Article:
Dr Sara Thornton

Principal Research Officer (Ecosystem Health & Social Dimensions)

Honorary Fellow at the University of Leicester

About me

I am a Finlandssvensk researcher who grew up in the Netherlands. From a young age I had a deep affinity with the outdoors and growing up around wetlands and forests set me on the course of studying Ecological Sciences with Honours in Conservation and Ecological Management at the University of Edinburgh. During this time, I joined research teams in the UK, Peru and Indonesia and found a passion for tropical peat-swamp forests as an understudied wetland habitat. I worked as a research assistant, and later a volunteer coordinator with the Borneo Nature Foundation (BNF) in Sebangau peat-swamp forest (Indonesian Borneo).

For my interdisciplinary PhD (with the University of Leicester and BNF) I returned to Sebangau to explore the ecology of peat-swamp fish and the importance of fish and fishing to surrounding peatland communities. My PhD research made practical recommendations for future management actions for peatland restoration and conservation projects, which continue to be implemented by BNF. My postdoctoral research at the University of Leicester built on my PhD, further exploring the challenges that peatland communities (both fish and human) are facing and opportunities for peatland restoration.

My role

I am part of WWT’s Ecosystem Health and Social Dimensions (EHSD) team and as Principal Research Officer I focus on developing novel approaches to wetland research, with a determination to make a significant contribution to the restoration of wetlands globally.

I support WWT’s international projects in Madagascar and Cambodia. I approach wetland restoration in a holistic way: drawing on social science and ecological methods to understand how and why environmental change is happening and how it impacts human and more-than-human beings (in terms of livelihoods, wellbeing and health). I believe it is from this place of understanding motivations and on-the-ground experiences that we can find just and effective approaches to wetland restoration. I take a critical approach to my work; continuously thinking about justice issues, the ethics of various approaches to conservation/restoration and how we can imagine and create a more caring world for human and more-than-human beings alike. This translates into my work supporting the development of our internal practices and policies at WWT including our environmental and social safeguards and research ethics.

My passion for wetlands also manifests in my dedication to science communication and outreach. I have integrated my research into A-level curriculum (and equivalent) appropriate materials, including one book published with the Geographical Association (see publications list below). I have organised and held workshops and exhibitions for a variety of audiences, with a focus on communicating the local and global importance of wetlands. I continue this work with WWT’s Wetland Learning Hub, where I support the design of courses, provide lectures and learning materials, and lead on Monitoring & Evaluation.

Experience and interests

  • Fieldwork: I have extensive fieldwork experience in remote and demanding conditions, in both tropical and temperate regions.
  • Social science data collection and analysis: including designing, conducting and analysing data from interviews, questionnaires, focus groups and various participatory approaches.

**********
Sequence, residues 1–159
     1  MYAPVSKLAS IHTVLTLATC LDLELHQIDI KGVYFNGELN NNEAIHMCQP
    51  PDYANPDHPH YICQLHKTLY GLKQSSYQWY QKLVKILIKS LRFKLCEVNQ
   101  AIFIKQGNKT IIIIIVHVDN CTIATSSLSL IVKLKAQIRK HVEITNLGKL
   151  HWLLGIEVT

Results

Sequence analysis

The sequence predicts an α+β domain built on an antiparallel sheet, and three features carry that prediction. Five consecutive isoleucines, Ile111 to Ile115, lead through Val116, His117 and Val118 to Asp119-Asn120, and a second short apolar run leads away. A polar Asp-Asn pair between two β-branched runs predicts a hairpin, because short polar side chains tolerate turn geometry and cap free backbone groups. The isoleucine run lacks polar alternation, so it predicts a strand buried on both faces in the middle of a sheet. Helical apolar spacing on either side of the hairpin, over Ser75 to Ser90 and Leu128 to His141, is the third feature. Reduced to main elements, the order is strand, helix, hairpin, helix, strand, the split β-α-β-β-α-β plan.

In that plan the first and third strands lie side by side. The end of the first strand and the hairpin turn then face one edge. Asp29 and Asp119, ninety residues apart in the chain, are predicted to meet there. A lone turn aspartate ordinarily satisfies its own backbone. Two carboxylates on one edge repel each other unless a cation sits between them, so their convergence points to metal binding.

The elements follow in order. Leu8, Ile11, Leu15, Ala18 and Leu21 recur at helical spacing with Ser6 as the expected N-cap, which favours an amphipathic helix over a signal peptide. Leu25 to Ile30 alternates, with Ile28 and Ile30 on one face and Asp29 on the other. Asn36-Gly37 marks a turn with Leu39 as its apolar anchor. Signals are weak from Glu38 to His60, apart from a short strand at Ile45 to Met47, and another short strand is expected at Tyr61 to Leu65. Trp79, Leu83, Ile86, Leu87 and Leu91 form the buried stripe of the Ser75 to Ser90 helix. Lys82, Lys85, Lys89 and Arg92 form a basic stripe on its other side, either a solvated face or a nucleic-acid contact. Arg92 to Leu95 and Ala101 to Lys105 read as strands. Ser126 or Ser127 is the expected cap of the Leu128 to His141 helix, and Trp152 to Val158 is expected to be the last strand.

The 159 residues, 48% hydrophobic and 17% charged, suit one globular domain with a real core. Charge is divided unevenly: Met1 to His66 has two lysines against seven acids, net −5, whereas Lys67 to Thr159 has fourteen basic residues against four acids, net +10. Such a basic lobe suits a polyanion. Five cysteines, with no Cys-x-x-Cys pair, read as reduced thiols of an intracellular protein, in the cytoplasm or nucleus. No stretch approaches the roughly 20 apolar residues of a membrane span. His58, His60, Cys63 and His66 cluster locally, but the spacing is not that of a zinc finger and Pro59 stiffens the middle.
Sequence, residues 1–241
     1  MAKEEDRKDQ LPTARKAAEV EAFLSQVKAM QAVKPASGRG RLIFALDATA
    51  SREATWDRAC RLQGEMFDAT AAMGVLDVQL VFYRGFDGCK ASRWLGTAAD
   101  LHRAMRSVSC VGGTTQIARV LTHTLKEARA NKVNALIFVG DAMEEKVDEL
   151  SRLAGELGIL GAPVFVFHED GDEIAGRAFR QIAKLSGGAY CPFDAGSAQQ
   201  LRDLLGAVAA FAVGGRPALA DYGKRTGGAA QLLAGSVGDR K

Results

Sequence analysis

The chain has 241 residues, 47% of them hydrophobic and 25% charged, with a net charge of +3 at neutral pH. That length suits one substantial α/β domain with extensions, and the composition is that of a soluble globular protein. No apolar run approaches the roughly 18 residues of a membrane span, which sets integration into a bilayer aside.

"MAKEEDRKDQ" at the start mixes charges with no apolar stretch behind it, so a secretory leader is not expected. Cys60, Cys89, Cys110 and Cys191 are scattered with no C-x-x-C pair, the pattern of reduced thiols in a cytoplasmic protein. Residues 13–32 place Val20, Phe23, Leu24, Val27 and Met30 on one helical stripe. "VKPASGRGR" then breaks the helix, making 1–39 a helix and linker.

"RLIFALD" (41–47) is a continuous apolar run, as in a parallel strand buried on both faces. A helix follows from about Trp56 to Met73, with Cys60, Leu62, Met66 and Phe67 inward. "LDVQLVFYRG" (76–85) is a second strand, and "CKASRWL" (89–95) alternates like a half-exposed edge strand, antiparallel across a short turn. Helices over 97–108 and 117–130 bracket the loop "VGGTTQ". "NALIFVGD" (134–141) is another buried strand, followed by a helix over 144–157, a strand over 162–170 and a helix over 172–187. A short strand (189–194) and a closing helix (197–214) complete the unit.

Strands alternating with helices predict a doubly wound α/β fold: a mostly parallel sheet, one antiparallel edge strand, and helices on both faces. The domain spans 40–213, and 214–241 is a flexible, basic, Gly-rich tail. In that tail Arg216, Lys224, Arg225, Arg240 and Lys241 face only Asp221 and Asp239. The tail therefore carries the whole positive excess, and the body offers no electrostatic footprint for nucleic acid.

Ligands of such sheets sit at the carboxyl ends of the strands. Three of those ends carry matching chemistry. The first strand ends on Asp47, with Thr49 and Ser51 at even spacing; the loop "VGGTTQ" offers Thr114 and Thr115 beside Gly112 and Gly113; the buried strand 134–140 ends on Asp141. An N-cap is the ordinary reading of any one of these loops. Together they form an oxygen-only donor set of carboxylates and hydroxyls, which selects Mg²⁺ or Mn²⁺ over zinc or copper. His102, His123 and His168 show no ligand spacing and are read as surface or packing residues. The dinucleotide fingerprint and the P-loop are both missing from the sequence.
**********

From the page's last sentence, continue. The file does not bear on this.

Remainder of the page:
• Ecological data collection and analysis: Notably freshwater fish and water quality, with experience in field surveys of herpetofauna, invertebrates, small mammals and other taxa using a variety of methods.
  • Interdisciplinary and cross-cultural work and communication.
  • Science outreach to academic and non-academic audiences.
  • Project management: including design, planning, implementation and budget management.
  • Teaching and supervision: Supervision of undergraduate and postgraduate student projects and teaching.
  • Languages: English, Dutch, Bahasa Indonesia


Thornton, S.A., Cook, S., Cole, L.E.S., Hapsari, K.A., Zawawi, N.Z., Page, S.E. From Muddy Glee to muddy reflections on fieldwork and writing (2022). Area, 54(4): 525-530. .

Thornton, S.A., Setiana, E., Kris yoyo, Page, S.E., Harrison, M.E. & Upton, C. (2020) Towards Biocultural Approaches to Peatland Conservation: The Case for Fish and Livelihoods in Indonesia. Environmental Science & Policy, 114:341-351.

Chapman, R.H. & Thornton, S.A. (Joint first authors) (2020). Top Spec Geography: The Carbon and Water Cycle. Top Spec Geography Series, Geographical Association, UK.

Lees C., Gibson C., Jaafar Z., Ng H.H., Tan H.H., Chua K.W.J., Thornton S.A. & Van Veen F.J.F. (2020) (Eds.) Assessing to Plan: Next steps towards conservation action for threatened freshwater fishes of the Sunda region. IUCN Conservation Planning Specialist Group, Apple Valley, MN, USA.

Thornton, S.A., Cook, S., Astiani, D., Hapsari, K.A., Varkkey, H., Cole, L.E.S., Dargie, G.C., Sjogersten, S., Zawawi, N.Z. & Page, S.E. (2019). ’Pushing the limits’: Experiences of Women in Tropical Peatland Research. Marine and Freshwater Research, Special Issue on Women in Freshwater Science, 71(2):170.

Harrison, M.E., Bramansa Ottay, J., D’Arcy, L.J., Cheyne, S.M., Anderson, K…. Thornton, S.A., Upton, C., Wich, S.A. & van Veen, F. (2019) Forest and Peatland Conservation in Indonesian Borneo: Challenges and Directions. People and Nature, 2(1):4-28.

Thornton, S.A., Dudin, Page, S.E., Upton, C. & Harrison, M.E. (2018). Peatland fish of Sebangau, Borneo: diversity, monitoring and conservation. Mires and Peat, 22(04), 1-25.

PhD Thesis: Thornton, S. A. (2017). (Un)tangling the Net, Tackling the Scales and Learning to Fish: An Interdisciplinary Study in Indonesian Borneo. University of Leicester, Leicester, UK.

See my profile on ResearchGate for my full publication list.

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